A week ago today, Wash. Department of Transportation crews finished the nine foot safety barriers on the sides of the 167-foot high cantilever/truss Aurora Bridge (a/k/a The George Washington Memorial Bridge)that carries Highway 99 (formerly known as The Pacific Highway) across the Ship Canal. Hallelujah! We drove by and admired the work this weekend.
The Aurora Bridge's height and easy pedestrian access have long made it a popular location for suicide jumpers. In fact, the first person to leap to their death from the bridge did so while it was still under construction, in 1932. It took us until 2006 to install six emergency phones and 18 signs to encourage people to seek help instead of jumping. People even put up home-made stickers that asked people not to jump and call a suicide hotline instead. Someone even posted their own number "call me! I care about YOU!"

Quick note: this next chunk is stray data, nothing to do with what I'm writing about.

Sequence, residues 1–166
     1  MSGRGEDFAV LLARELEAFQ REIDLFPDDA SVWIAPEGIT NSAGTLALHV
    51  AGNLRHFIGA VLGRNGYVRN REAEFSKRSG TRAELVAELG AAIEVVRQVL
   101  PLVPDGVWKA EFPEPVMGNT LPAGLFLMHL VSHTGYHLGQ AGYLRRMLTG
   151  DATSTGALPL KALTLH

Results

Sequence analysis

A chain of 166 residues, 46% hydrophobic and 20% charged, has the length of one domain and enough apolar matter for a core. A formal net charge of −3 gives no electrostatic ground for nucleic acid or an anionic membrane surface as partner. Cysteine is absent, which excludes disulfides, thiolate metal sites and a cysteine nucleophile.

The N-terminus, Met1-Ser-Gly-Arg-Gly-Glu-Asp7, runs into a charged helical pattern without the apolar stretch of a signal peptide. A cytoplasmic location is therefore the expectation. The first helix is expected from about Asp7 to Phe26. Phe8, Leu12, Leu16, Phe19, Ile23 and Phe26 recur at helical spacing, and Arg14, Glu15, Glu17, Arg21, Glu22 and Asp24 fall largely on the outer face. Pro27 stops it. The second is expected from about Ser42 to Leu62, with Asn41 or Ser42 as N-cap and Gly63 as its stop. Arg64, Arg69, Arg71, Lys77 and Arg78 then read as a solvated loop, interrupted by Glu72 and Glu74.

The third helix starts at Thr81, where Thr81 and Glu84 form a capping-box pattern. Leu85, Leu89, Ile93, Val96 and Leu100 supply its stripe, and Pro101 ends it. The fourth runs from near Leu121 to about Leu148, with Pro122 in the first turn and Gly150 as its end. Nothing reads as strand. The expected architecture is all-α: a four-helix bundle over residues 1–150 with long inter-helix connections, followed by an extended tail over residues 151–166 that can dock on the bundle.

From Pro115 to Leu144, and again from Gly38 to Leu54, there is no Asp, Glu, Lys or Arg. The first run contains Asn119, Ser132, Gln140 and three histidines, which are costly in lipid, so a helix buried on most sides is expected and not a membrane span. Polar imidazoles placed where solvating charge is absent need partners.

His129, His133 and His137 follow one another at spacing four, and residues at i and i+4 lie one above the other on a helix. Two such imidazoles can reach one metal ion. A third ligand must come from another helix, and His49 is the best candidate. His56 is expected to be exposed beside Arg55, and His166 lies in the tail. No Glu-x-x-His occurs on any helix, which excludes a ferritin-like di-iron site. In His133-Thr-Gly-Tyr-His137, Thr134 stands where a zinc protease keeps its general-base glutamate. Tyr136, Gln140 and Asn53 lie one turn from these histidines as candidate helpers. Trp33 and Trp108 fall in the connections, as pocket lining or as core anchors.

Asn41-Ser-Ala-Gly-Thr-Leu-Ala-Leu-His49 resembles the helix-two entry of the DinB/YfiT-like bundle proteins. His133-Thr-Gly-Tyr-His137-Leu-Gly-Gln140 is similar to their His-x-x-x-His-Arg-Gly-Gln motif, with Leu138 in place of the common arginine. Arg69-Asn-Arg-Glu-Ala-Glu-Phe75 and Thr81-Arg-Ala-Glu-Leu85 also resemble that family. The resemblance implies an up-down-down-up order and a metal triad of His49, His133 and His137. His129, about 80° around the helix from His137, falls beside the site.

These fences are a beautiful thing, when you consider their potential. If only a couple of people turn away a year, it is money well spent. The Aurora Bridge is the No. 2 bridge for suicides in North America. It was No. 3 until Toronto fenced their bridge. In fact, since they put up that fence, there have been no suicides. This has happened at every bridge where they have installed fences. That is goodness. One week in 2009, three people jumped from the bridge, two of them "successfully." True, you will not stop someone determined to end themselves, but you will stop impulse jumpers and people who might reconsider. One statistic we heard recently said that of all the people who came close to jumping, but turned back, 94% don't ever come close again. If these fences buy the despondent two minutes to think, then, in our booklet, that's five million dollars well spent. Seeing these fences go up makes our hearts sing.